THE habits of a vast number of Christians, and the moral atmosphere in which they are placed, have tended to produce the very vague notions they have as to worship. Having passed from formalism and superstitious views (which left the care of their religion to others) under the influence of the feeling of the need in which they stood of the truth, they have found in the recognition of the truth, in owning and hearing it-the sum total of their ordinary religious exercises. But, surely, heaven should have some place in our religion while here below. In heaven, doubtless, the truth will be known in all its perfectness; but truth formerly received into the heart will be actually realised there in the glory of God and of the Saviour, about whom this truth treats. There will be no longer any need to hear the truth, nor to recognise it, we shall live in it. The power of it in our hearts will be expressed in adoration. Such is the characteristic of heaven. But, surely, this should be realised, in some measure, while on earth, among those at least who have received the truth, and who, by it, have the knowledge of the God who has communicated it to us-of the Saviour who came to accomplish his work of love and of righteousness on our behalf;―among those who have received not only the truth, but even the very Spirit who gave to the truth its place in their hearts, and to them the desire of glorifying Him whom it has revealed to them. When the Holy Spirit communicates heavenly truth to the renewed heart, it always re-ascends in thanksgiving and praise. True worship is but the return to God which is made by the heart, when filled with the deep feeling of that which has been communicated from on high. The Holy Spirit, who makes the communication to us, causes the feelings
produced by the revelation of God-of His love in Jesus of His glory, and of all the blessings wherewith He loadeth us ("our cup runneth over") to re-ascend to God in adoration. And, surely, the heart which is penetrated with the grace of God will feel the need of returning back to Him the homage of its adoration and of its gratitude, for all the blessings which are so many proofs of the infinite and eternal love which God has had, and which He has had for us.
Let us, then, examine this subject according to the Scriptural ground which the Spirit has given us. What, then, is worship?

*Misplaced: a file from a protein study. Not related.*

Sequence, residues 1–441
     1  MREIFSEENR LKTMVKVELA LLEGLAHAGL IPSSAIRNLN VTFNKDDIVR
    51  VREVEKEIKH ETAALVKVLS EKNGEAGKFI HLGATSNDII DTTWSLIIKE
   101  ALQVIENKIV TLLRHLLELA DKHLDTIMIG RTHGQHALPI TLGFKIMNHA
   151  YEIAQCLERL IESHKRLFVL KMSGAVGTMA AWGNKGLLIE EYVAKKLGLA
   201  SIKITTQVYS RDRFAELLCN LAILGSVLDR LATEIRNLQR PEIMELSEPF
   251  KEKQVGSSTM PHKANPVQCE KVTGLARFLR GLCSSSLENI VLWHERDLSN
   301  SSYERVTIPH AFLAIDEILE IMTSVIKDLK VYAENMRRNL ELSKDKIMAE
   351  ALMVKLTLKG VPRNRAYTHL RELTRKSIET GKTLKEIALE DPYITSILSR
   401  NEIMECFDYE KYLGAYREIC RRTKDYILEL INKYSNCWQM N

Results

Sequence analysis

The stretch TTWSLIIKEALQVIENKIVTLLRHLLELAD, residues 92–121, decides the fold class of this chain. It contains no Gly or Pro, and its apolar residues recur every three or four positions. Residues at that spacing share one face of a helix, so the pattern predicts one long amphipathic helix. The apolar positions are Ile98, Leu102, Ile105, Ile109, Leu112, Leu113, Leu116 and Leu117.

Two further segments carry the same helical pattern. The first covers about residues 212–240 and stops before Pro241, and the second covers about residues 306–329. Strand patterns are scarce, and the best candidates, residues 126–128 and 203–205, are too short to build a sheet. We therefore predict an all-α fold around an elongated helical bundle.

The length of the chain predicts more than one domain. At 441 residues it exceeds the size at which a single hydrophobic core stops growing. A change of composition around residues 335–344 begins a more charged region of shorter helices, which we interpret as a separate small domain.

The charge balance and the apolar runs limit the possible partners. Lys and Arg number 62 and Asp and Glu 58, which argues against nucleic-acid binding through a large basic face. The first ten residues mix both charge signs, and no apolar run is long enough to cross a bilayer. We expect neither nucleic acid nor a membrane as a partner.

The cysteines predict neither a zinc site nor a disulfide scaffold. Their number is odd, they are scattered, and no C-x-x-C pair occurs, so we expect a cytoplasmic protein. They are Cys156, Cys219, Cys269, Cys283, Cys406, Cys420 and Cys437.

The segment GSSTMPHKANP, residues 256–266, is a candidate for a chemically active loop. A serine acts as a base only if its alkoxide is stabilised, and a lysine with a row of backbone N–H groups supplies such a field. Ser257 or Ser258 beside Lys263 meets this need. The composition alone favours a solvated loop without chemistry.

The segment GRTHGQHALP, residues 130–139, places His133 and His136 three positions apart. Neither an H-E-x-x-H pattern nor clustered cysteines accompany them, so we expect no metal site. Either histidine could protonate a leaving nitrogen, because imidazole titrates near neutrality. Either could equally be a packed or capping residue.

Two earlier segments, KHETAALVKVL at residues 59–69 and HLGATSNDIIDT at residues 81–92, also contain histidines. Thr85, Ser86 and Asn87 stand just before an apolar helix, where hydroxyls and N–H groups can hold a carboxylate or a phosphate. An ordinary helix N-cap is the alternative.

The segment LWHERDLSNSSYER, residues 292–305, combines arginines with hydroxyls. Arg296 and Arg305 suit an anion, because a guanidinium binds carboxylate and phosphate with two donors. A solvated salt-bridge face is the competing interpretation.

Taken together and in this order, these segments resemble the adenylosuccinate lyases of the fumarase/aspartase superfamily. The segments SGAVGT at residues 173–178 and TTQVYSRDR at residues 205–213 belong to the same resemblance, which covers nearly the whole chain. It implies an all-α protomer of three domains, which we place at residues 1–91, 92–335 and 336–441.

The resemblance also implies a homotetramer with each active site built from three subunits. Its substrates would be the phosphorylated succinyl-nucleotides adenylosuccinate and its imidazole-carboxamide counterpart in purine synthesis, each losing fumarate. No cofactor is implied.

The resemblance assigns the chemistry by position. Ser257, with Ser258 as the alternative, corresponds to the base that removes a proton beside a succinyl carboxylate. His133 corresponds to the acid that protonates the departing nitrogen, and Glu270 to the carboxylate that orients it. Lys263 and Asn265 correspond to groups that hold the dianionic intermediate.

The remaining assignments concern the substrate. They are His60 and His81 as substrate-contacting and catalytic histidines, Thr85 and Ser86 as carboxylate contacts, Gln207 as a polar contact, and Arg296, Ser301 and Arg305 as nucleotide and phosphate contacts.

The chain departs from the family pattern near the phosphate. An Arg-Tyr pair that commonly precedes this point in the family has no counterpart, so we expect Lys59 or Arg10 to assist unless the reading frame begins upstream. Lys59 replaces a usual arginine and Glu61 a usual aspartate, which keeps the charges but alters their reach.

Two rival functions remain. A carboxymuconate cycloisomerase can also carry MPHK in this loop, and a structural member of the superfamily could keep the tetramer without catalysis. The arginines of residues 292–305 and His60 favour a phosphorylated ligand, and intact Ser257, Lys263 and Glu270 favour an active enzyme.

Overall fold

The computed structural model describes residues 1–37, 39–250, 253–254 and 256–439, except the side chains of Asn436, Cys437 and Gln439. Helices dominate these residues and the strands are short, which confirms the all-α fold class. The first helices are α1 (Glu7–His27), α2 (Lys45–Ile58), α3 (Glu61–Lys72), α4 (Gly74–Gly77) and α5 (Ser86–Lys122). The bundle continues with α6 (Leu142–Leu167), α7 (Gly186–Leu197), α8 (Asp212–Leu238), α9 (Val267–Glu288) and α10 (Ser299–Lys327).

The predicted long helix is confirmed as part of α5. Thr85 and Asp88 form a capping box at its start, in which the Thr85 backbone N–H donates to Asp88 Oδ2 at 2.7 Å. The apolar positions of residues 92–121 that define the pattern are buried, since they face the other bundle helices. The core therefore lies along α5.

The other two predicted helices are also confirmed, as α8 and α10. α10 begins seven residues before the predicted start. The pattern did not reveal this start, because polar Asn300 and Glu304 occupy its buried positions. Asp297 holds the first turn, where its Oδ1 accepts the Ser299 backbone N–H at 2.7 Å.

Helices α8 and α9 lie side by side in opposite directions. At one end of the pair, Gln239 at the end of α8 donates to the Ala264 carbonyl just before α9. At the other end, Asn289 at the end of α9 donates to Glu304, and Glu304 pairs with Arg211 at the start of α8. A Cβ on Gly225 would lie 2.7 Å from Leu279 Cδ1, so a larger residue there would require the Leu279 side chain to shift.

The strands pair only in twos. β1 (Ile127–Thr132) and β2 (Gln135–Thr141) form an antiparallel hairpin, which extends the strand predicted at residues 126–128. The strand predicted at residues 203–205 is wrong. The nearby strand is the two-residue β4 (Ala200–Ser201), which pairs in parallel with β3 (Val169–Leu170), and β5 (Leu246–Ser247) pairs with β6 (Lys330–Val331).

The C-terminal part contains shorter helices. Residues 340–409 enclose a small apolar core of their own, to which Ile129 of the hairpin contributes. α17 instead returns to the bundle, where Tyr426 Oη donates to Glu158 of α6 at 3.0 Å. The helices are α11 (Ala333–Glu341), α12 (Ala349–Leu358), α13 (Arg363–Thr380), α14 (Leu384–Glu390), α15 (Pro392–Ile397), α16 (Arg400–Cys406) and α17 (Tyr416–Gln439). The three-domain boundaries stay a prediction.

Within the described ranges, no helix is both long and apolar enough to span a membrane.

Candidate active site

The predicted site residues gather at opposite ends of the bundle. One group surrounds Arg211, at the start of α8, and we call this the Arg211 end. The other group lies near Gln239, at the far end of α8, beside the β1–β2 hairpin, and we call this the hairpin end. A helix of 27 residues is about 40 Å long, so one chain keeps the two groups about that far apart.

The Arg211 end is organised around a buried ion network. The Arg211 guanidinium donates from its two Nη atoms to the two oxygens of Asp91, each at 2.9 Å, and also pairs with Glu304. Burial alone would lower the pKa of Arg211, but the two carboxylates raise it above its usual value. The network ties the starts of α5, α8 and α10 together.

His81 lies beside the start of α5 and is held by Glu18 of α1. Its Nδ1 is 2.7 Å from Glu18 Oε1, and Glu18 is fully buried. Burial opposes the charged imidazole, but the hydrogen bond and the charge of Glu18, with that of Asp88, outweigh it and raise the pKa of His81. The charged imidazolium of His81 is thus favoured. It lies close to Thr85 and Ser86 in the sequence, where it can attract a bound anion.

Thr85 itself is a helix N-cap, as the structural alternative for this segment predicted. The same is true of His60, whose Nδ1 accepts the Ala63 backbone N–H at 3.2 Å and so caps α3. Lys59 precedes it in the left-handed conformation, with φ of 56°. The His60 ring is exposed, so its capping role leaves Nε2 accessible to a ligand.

"It is the honor and adoration which are rendered to God by reason of that which He is, and of that which He is for those who render it."
It is the employment of heaven; blessed and precious privilege for us upon earth, if the enjoyment of it be vouchsafed to us. One might, indeed, add to this definition "rendered in common." So to speak would not contain the denial of the possibility of worship from an isolated individual. If Adam had continued innocent he would, doubtless, as an individual have adored God.
But it is not, therefore, the less true, that in point of fact, worship is a homage rendered in common; because, in fact, God has blessed many and many together; be it angels or men; and hence communion in adoration is of
a I doubt, however, whether, in point of fact, it is possible for an adequate worship to be rendered to God by any one alone. An innocent man might bless God for His goodness; but for such worship as should rise to the height of that which God is, to be rendered by a solitary being, would suppose a capacity to apprehend the motives of worship in God, such as would put him who rendered the worship almost upon a level with Him to whom he rendered it. God would not be in the place proper to him for worship-for who alone could glorify God suitably, if himself the sole object of His favour. Here the intervention of Christ is of great importance for the foundation of worship-because God is so glorified, as that worship can be rendered to Him and those who adore Him, do so by virtue of that which He is for them in this intervention of Christ; the worship is based upon the fact that God is fully glorified, and we adore Him in acknowledging Him as thus glorified. b Nevertheless, for man himself, God said, that it was not good that he should be alone.
the essence of the act, because the blessing is one in common, and the joy which I have in the blessing of others is part of my own individual blessing. Their blessing forms part of the grace to which my heart responds; and love (which is the source and spring of it all) is defective if I enjoy not their blessing. If I bless not God for it, I am myself incapable of worship; for to bless God supposes that I am sensible of His love, and that I love.
We may, then, say, since God was not pleased that we should be alone, but that our blessing should be in communion, that worship is the honour and adoration rendered to God in common, by virtue of that which He is, and which He is in behalf of those who render it.
But it is not to an abstract definition that I desire to confine myself; quite the contrary. But it is well to know what the subject is on which we speak.
No work of God towards man is worship. Nor is any testimony rendered as to Him and His grace worship. Preaching the gospel-testimony (of infinite value) to His grace has nought in common with worship. It may produce it, as being the means of communicating the knowledge of God in grace, which awakens the spirit of adoration in the heart; but no preaching (how blessed soever it may be) is worship rendered to God.
It is a testimony rendered on God's part to man. This does not derogate from the value of such preaching; without it no Christian worship could exist, for the gospel makes known the God who ought to be adored, and, acting by grace, leads the soul into the state in which it is able to render true homage to God, even that which is in spirit and in truth. But it is not, therefore, the less true that no sort of testimony addressed to man from God, is worship rendered to God by man. A sermon has nothing in common with worship. It may be the means of producing it. The ministry of the word is a distinctive characteristic of the Christian economy. The
The more one is in the spirit of worship, however, the better will one know how to render testimony-for it is clear that it is in intimacy of communion with God that one will know how to render testimony as to Him in love.